Jan. 23, 2006 Inbred strains of rats differ in how aggressively they seek cocaine after a few weeks of use, researchers say.
The finding, posted online Jan. 18 by Psychopharmacology, is another piece of evidence that genetics plays a role in the relapse of drug-seeking behavior in humans, says Dr. Paul J. Kruzich, behavioral neuroscientist at the Medical College of Georgia and lead study author.
It also fingers glutamate, a neurotransmitter involved in learning and memory, as an accomplice in stirring the cravings and uncontrollable urges that drive some drug users to use again, he says.
“Given the right environmental stimuli, all persons addicted to psychostimulants can relapse, but potentially some people are a little more susceptible than others … it’s all about gene-environment interaction,” says Dr. Kruzich.
He took two strains of inbred rats – Fischer 344 and Lewis – with known genetic differences, enabled each to self-adminster cocaine for 14 days, then took the drug away for a week but not the levers the animals used to access it.
During that hiatus, he adminstered a drug that stimulates glutamate receptors, possible targets for drugs of abuse.
He found that the F344 strain worked harder to get cocaine than the Lewis rats following treatment with the glutamate drug, suggesting they were more susceptible to relapse.
“Maybe 12-step programs and faith-based programs will be enough to keep some people from relapsing,” says Dr. Kruzich. “For others we may have to come up with medical treatments we can use on top of those to keep them from taking drugs again.”
He says there are many different versions of the hundreds of genes that may play a role in increasing the risk of relapse.
It’s known that some people become addicted more quickly than others, some literally with their first use, he says. The hardest part is not getting people to stop taking drugs: that happens when they are checked in a clinic or put in jail. The real work is keeping them from relapsing when they are out of such restricted environs, he says.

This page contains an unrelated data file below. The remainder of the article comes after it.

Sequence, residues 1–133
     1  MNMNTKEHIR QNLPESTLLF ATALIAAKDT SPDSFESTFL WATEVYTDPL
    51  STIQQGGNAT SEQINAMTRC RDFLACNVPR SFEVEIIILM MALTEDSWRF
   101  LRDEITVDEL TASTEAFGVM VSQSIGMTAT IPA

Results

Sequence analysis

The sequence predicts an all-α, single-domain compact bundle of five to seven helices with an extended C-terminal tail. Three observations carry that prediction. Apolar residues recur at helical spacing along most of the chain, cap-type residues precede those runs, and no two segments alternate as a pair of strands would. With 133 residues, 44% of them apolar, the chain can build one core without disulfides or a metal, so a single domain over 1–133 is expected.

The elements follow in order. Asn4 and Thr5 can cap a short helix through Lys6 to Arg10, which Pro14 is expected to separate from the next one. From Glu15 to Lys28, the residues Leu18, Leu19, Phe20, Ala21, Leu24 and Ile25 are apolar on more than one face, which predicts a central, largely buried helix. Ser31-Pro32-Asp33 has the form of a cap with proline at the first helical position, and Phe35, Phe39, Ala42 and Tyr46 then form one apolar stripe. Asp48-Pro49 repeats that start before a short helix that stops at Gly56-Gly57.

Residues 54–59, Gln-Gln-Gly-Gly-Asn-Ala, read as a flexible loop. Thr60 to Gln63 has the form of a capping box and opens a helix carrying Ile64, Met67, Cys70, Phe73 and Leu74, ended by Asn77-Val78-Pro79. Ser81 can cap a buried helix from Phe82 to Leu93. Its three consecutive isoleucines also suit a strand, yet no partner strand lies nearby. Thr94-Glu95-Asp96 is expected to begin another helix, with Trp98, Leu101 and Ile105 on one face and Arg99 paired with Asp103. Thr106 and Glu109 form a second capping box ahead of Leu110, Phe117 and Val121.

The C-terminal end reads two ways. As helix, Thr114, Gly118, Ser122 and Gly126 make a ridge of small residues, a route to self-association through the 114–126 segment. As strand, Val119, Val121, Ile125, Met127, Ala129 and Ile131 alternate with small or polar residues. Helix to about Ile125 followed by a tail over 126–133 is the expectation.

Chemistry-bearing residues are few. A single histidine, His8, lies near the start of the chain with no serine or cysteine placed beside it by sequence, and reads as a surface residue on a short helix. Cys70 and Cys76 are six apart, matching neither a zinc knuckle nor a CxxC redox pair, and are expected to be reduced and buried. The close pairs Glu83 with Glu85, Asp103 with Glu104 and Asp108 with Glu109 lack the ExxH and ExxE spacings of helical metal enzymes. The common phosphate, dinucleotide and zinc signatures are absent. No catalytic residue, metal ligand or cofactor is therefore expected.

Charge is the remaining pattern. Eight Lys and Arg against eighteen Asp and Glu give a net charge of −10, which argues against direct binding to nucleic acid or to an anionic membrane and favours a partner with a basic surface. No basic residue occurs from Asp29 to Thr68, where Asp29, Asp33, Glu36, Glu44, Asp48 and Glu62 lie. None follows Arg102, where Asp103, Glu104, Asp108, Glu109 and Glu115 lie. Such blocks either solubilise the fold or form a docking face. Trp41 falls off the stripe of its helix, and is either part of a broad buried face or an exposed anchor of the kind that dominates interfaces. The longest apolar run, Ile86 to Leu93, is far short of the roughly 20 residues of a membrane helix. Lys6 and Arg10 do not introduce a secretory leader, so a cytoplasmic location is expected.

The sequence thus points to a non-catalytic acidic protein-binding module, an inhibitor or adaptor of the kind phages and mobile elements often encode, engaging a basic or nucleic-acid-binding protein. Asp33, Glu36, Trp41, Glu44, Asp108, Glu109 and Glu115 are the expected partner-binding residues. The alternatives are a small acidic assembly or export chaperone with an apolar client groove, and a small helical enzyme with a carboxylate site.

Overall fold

“Something happens, either they see an old colleague they have used with, they go into an old environment, they have a huge stressor in life and they start to want the drug. They have drug hunger, what we call drug craving,” says Dr. Kruzich. “When it gets bad enough, they engage in drug-seeking behavior.”
His lab is working to identify the relapse trigger to use as a target for developing ways to curb craving and subsequent relapse.
His studies focus on an area of the brain called the nucleus accumbens core, a target for drugs of abuse long considered a pleasure center, Dr. Kruzich says. Drugs such as cocaine and methamphetamine stimulate release of dopamine in the nucleus accumbens. Dopamine is a neurotransmitter believed responsible for the euphoria that come with drug use. In fact, animals given dopamine blockers won’t self-adminster drugs of abuse, and dopamine has long been a focus of drug-abuse studies.
“These drugs impinge upon the reward centers of the brain that normally food, sex, survival and adaptation impinge upon,” says Dr. Kruzich. “When you are having that great piece of cheesecake and thinking, ‘Oh man,’ that is the kind of response these drug of abuse are evoking but much more so than that cheesecake could ever do.”
Glutamate, also released in the nucleus accumbens core, may play an equally important role in drug relapse, he says. Drugs such as cocaine appear to alter glutamate neurotransmission in the core, which may contribute to the rewiring of the brain that occurs with drug use. “It’s not that these drugs just damage neurons, which they can, but they rewire the circuitry of the brain so no longer is your spouse or your job or other things in your life important to you. Your brain is tricked into thinking that drugs are the most important thing for your survival,” Dr. Kruzich says.
Unfortunately, drugs that restore glutamate function also produce seizures, so scientists are looking for an indirect approach to restore the misdirected rewiring.
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